by HM Appel & RB Cocroft.
Open-access article link: http://link.springer.com/article/10.1007/s00442-014-2995-6
Video & audio of caterpillar feeding: https://www.youtube.com/watch?v=ndfo2NiaEIE&feature=youtu.be
Studying Vibrational Communication. 2014. Reginald B. Cocroft, Matija Gogala, Peggy S. M. Hill & Andreas Wessel (Editors). Volume 3 in Springer’s Animal Signals and Communication series (V. Janik & P. MacGregor, series editors).
Book summary: Vibrational communication holds the unique position of being one of the most ancient and widespread forms of animal communication, and yet the most poorly known. The long evolutionary history of vibrational communication, the remarkable diversity of species in which it occurs, and its central role in biotic interactions provide unparalleled opportunities for addressing general questions. Vibrational communication has also proven to be a key to understanding the behavior of individual species, across much of the tree of life. The goal of Studying Vibrational Communication is to inspire research into this important and fascinating communication modality by providing state-of-the-field reviews, historical perspectives and technical advice, and by suggesting new directions for groundbreaking studies. We also hope to convince those new to the field that studying this communication modality is surprisingly accessible, even for those with no prior experience.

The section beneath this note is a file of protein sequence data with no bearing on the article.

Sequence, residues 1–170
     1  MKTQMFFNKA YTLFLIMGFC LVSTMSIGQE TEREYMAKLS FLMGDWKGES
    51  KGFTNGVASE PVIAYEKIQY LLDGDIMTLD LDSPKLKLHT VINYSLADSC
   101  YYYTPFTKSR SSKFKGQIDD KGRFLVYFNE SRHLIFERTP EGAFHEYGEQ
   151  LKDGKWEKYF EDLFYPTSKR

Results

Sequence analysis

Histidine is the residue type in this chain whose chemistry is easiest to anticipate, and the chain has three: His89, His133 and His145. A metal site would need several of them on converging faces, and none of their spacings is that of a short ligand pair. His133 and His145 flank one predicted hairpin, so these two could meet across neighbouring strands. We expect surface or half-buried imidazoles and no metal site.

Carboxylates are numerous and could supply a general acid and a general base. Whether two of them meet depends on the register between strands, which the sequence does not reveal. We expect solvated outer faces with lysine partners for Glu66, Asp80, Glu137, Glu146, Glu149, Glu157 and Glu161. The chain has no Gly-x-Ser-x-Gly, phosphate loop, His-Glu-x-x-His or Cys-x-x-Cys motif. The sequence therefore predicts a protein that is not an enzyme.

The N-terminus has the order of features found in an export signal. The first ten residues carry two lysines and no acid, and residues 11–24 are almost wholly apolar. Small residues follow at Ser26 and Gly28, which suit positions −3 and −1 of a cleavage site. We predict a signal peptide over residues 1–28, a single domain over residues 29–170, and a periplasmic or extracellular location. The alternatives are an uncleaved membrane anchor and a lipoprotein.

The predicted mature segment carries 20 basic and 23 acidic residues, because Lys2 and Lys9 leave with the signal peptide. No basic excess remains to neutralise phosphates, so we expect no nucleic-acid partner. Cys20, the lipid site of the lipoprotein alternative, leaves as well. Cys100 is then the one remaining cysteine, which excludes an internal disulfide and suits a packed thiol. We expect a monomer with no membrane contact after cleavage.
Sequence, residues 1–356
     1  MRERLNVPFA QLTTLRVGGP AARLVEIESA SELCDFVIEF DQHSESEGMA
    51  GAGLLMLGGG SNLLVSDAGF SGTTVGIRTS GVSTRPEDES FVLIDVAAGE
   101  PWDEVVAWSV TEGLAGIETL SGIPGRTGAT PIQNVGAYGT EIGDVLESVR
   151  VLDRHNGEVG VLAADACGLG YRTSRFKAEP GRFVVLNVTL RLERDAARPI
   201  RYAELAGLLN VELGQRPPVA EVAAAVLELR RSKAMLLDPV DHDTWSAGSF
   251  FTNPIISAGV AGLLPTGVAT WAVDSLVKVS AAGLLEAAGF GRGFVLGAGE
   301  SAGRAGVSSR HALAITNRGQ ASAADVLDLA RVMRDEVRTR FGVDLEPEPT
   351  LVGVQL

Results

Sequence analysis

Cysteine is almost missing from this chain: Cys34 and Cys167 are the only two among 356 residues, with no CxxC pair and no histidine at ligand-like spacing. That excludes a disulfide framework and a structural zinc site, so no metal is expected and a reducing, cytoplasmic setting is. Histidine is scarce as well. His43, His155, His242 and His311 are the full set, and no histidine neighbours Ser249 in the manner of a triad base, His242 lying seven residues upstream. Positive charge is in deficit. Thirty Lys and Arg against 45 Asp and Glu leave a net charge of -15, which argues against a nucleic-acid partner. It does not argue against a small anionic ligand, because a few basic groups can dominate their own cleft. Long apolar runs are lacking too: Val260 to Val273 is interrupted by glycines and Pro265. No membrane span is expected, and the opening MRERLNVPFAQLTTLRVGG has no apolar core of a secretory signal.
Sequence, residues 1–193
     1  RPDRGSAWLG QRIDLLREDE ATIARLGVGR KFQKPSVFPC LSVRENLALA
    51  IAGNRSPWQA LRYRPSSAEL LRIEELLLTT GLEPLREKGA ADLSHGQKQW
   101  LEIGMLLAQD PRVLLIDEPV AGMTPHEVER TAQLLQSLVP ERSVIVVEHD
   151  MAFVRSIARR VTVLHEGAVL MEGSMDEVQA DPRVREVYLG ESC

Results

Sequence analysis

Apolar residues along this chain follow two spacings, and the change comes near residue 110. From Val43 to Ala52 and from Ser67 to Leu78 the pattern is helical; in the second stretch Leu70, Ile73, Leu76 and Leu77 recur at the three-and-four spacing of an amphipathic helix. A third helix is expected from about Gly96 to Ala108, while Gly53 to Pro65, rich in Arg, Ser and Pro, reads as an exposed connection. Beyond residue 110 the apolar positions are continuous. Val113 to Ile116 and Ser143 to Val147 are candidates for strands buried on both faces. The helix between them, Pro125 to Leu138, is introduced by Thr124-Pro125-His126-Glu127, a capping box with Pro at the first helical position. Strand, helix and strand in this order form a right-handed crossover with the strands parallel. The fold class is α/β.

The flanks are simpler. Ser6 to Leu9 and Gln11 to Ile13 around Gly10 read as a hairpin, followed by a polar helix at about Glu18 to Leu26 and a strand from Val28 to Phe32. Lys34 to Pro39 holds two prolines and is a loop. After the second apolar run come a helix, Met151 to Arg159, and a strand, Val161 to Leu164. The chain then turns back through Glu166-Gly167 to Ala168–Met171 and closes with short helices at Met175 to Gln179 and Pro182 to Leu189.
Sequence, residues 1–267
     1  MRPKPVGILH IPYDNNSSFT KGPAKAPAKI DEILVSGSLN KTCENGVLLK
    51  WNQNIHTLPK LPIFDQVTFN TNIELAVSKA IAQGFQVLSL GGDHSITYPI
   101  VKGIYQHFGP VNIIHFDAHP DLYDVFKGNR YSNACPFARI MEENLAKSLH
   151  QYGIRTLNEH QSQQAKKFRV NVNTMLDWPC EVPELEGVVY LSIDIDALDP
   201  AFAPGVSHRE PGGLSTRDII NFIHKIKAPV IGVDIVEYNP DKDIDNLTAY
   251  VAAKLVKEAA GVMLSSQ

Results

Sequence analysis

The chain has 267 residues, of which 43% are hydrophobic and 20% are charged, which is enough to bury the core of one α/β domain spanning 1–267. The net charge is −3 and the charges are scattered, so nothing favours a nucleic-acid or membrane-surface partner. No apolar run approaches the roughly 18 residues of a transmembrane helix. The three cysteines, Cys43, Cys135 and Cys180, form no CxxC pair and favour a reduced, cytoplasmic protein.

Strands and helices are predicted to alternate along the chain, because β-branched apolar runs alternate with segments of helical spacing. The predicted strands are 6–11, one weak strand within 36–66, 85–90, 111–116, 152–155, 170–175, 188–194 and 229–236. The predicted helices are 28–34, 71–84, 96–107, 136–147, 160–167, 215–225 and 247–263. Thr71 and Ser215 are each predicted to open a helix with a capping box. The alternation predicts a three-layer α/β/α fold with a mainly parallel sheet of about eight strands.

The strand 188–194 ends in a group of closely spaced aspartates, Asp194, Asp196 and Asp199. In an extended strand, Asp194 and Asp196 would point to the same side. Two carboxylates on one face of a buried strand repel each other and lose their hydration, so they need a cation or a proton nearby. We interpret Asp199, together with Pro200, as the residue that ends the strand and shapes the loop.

Studying Vibrational Communication cover